The Evinrude features a speedometer, aluminum “torpedo” headlight, ignition-style key lock and a seat suspended on springs with a seat bar connected to the pedals. “It’s a neat concept because your feet go up and down with the seat but it just doesn’t feel right on the bike,” Gary says. “And of all the ones that we know to exist, this is the only one with an aluminum headlight; there are people out there with ‘wanted’ ads that would just kill for that. The odometer shows 1,200 miles on it, and for this one to not be broken at 1,200 miles, somebody really babied this bike and took care of it.”
The Schrollers’ collection contains many unique bicycles, but perhaps their most extraordinary-looking one is an 1896 Featherstone triangle-sprocket bicycle. Gary says they bought it from a good friend in Illinois and it’s the only one known to exist, which isn’t surprising by the look of it. At first glance the bike looks to be humorously designed without function, but upon closer inspection one can see the brilliance of the concept.
“You would think when the sprocket comes up on the low side the chain would get slack in it. What they’ve done is this,” Gary explains. “The back sprocket isn’t drilled in the center so it wobbles back and forth and it’s timed 3-to-1 so that when the front sprocket’s in a low spot the rear sprocket’s in the back position. As you pedal, the rear sprocket goes back and forth so that the chain stays on. It’s a mechanical marvel.”
Another contender for the Schrollers’ most unique bike is an adult tandem tricycle made by Gormully & Jeffery Mfg. Co. in 1889, one of about four known to exist, Gary says. A friend of his found it in pieces at an auto salvage yard and paid $1 for it, not knowing what it was. A pile of mixed parts, it was missing the down-tubes and there were two sets of pedals in the heap. After some research online, the Schrollers realized it was meant to be a single unit. Gary recast a bunch of the parts and reassembled the bike.
Although bicycles are a comparatively recent fascination for the Schrollers, the old iron hobby has been part of Gary’s life since childhood. Perhaps it began with the lawn mowing business he launched at age 10. Buying and fixing up lawn mowers allowed him to sharpen skills and realize his knack for restoring mechanical things — that, and he was already collecting antiques.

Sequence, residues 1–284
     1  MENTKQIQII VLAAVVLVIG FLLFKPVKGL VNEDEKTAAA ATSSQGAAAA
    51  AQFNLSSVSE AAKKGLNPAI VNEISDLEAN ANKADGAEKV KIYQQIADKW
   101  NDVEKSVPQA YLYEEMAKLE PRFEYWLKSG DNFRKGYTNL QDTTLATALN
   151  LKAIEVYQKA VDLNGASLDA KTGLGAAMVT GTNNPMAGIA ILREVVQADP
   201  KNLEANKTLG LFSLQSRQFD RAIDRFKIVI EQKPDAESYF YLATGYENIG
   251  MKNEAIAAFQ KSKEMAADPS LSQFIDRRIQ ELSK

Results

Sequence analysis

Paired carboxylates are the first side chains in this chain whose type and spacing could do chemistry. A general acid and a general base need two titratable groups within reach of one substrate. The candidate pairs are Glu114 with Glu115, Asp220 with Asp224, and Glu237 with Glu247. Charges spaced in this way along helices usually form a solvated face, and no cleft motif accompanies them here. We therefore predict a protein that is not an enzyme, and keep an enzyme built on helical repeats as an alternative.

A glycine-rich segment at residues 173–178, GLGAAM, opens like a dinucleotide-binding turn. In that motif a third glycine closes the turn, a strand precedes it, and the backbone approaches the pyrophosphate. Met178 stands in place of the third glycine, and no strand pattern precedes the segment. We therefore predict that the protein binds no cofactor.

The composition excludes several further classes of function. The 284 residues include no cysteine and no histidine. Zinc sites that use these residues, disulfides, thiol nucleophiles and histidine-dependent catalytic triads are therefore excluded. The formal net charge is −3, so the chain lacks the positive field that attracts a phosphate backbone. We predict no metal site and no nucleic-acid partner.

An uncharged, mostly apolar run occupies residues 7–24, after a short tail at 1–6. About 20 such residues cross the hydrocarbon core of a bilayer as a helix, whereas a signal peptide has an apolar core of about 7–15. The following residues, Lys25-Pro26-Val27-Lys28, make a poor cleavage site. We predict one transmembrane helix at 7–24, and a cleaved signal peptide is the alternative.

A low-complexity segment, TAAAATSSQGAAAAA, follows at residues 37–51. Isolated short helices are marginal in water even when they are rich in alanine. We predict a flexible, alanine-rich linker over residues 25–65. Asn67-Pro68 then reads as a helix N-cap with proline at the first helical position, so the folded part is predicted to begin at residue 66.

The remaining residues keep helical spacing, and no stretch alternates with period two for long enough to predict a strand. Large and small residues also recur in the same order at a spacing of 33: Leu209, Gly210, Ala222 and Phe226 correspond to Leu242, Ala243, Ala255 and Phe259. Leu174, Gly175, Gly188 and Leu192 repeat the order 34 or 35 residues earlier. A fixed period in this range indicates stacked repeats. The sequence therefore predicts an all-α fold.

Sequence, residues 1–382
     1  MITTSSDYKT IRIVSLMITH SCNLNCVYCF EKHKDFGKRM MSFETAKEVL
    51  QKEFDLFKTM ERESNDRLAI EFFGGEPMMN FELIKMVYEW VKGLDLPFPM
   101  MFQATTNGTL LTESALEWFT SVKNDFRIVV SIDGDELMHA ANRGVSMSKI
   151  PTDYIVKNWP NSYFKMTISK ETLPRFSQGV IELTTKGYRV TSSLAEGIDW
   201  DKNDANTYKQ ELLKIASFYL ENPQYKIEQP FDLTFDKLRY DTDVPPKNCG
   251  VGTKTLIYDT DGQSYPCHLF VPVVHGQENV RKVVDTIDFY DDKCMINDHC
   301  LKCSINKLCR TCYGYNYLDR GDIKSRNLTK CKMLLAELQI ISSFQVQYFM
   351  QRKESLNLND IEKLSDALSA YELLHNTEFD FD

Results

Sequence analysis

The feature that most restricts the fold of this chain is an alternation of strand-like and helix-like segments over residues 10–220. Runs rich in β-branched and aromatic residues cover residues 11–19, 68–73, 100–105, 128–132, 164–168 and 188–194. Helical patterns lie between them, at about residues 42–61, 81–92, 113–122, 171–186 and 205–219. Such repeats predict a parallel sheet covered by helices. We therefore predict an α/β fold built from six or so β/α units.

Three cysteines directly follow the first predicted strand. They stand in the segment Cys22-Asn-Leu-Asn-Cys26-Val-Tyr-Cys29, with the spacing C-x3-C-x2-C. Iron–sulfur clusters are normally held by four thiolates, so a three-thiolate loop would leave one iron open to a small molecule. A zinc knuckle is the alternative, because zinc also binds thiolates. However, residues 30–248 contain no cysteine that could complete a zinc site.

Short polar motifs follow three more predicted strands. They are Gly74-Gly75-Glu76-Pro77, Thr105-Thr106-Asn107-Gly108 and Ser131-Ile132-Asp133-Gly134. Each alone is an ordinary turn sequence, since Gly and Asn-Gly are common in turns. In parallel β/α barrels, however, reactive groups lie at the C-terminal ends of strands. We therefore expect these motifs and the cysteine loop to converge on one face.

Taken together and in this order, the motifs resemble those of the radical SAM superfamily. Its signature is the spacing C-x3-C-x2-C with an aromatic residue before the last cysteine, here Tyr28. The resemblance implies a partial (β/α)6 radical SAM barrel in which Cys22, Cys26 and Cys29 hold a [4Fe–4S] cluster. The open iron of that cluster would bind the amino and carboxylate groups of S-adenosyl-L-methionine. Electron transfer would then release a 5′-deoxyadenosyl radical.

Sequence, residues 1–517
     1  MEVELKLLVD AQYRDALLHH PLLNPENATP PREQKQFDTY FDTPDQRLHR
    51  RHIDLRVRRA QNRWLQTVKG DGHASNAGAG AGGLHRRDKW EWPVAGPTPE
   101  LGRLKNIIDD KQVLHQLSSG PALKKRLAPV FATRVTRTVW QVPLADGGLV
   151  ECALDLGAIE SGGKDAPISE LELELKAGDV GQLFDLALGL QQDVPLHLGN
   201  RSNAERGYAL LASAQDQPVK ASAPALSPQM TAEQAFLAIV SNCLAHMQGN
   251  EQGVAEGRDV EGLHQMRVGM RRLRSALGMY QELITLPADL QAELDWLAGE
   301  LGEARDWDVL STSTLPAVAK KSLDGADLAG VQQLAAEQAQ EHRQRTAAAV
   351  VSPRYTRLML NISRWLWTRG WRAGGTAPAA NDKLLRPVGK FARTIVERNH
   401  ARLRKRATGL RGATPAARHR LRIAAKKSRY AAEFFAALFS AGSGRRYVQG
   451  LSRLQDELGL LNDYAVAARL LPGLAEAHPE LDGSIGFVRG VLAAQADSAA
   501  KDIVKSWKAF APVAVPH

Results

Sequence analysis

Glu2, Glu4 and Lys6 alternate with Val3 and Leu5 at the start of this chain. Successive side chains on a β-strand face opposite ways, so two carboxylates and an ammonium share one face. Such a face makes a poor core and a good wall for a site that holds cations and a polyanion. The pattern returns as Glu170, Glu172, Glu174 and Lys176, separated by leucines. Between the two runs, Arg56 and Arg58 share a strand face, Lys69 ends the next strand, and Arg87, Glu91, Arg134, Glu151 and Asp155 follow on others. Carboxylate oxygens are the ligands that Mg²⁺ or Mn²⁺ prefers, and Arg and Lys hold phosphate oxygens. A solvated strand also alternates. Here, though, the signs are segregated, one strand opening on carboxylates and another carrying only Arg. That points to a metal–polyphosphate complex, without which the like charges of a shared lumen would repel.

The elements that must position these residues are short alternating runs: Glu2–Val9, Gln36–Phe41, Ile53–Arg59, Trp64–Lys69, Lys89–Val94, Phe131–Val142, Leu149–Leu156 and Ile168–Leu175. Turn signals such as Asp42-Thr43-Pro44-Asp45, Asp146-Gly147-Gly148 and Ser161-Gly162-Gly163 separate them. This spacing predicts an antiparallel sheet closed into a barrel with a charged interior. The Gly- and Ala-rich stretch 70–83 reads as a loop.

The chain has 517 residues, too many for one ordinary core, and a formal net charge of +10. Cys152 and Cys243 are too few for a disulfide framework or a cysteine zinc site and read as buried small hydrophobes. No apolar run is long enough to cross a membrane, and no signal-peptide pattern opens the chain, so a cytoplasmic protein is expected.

“When I was 10 years old I was collecting cast iron toys,” Gary says. “I loved antique toys when I was little. I’m not sure what that was about.”
At about age 12, Gary started selling car parts. He had lots of books about the Ford Model T and did plenty of research on which parts to buy from the auto salvage yard across the street from his childhood home. Back then his customers had to call his mother to do business with him.
Now Gary makes a living running Schroller Repair in Randolph, Kan., an antique John Deere salvage business with about 300 John Deere parts tractors. “We ship parts every day and do swap meets all the time,” Gary says. “I was silly enough to work for a few years back in the ‘70s, but I made more money swapping parts than I did at my union job.” Over the years he’s collected everything, it seems: vintage cars, John Deere tractors, Cushman scooters, advertisement signage, one-of-a-kind contraptions and much more.
Hannah’s been attending farm shows and sharing in her father’s hobby her whole life. After graduating from KSU, Hannah earned a law degree at Washburn University in Topeka; she opened her own law office in 2013. She’s also an avid participant in demolition derbies and equestrian competitions.
When it comes to their love of old iron, Gary and Hannah are two peas in a pod, especially when it comes to things they can ride. “She likes anything with wheels,” Gary says. “She’s just as bad as me.” FC
For more information:
— Schroller Repair, 21401 Tuttle Creek Blvd., Randolph, KS 66554; phone (785) 363-2458.
— Hannah Schroller, firstname.lastname@example.org
Matt Kelly is the assistant editor of Farm Collector. Contact him at email@example.com.